Levitsky and Ziblatt also urge mainstream parties to “forge a united front to defeat [extremists]” in these situations. “Picture Senator Edward Kennedy and other liberal Democrats campaigning for Ronald Reagan,” the authors optimistically beseech, using the unlikely scene to paint a picture of what it would mean for the major parties to meet in the middle to unequivocally reject “would-be authoritarians.” Here, their solution appears attractive but exceedingly idealistic, while their standard of “would-be” authoritarianism remains vague.
When Levitsky and Ziblatt to move on to introduce a detailed account of American politics and democratic norms in Chapter Six, they incorporate race and, more specifically, the exclusion of race from political conversations, as a central theme. They note that after the Civil War, “mutual toleration [between parties] was established only after the issue of racial equality was moved from the political agenda.” Prior to this section, though, their analysis rarely deals with race or the notion of excluding race as a necessity for political compromise. The well-supported comparisons between democratic demise in the United States and abroad that make this book so compelling are lacking in the authors’ discussion of race, making their claims about domestic race relations less convincing than the other central arguments of the text.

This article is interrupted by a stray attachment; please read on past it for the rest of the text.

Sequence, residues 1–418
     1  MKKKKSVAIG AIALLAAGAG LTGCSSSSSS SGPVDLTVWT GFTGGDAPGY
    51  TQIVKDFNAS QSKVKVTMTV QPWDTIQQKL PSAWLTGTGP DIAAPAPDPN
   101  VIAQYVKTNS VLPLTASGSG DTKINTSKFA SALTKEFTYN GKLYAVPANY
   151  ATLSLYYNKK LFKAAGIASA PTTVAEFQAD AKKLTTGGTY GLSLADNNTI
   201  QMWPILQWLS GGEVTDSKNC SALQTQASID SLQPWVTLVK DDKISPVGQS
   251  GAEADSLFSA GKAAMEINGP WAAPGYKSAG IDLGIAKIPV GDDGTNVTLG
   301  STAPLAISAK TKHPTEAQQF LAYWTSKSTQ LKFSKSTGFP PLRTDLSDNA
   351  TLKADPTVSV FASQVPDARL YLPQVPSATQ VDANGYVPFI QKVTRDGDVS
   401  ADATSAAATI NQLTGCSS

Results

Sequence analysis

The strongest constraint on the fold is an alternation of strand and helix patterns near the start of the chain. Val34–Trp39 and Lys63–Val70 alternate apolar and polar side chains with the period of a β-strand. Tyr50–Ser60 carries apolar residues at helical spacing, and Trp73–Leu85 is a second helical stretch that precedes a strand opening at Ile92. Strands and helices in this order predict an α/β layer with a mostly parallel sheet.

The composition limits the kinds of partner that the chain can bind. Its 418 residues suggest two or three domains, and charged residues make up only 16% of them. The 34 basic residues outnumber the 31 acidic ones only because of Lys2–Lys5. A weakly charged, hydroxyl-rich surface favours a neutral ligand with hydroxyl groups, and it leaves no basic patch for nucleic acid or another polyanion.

This theme is once again brought up at the end of the final chapter, as Levitsky and Ziblatt posit that the basic norms of American democracy must be “made to work in an age of racial equality and unprecedented ethnic diversity.” They present this as the great challenge facing the United States, and express their hope that it will rise to the test. However, Levitsky and Ziblatt simultaneously advocate for the formation of inter-party coalitions based on policy, with little to no mention of race. As such, while their ultimate message of racial inclusion is undeniably a noble and necessary one, it is mentioned fairly late in the book and lacks the convincing comparative political references and specific policy prescriptions that frame the rest of the book.
Ultimately, the strengths of How Democracies Die lie in its convincing diagnosis of the problems facing the current American political climate, as well as in its nuanced comparisons between the United States, Latin America, and Europe. However, the solutions offered by Levitsky and Ziblatt appear simplistic at best and out-of-touch at worst, as they consistently advocate for the vague goal of compromise while foregoing a deeper discussion of the tricky details of how to reach such a bargain without jettisoning virtues such as diversity and inclusion. Perhaps this could be the foundation for a future project, from either Levitsky and Ziblatt or from other scholars inspired to take their work to the next level.
To any reader — novice or pundit, student or teacher — who desires to unpack the contemporary challenges to the status quo of American democracy, this book offers an accessible, cogent, and well-written analysis. With clear categorizations, a well-backed central contention, and expert use of metaphors and case studies to illustrate an insidious political phenomenon, How Democracies Die is certainly a worthy read.
Image Source: Wikimedia/Gage Skidmore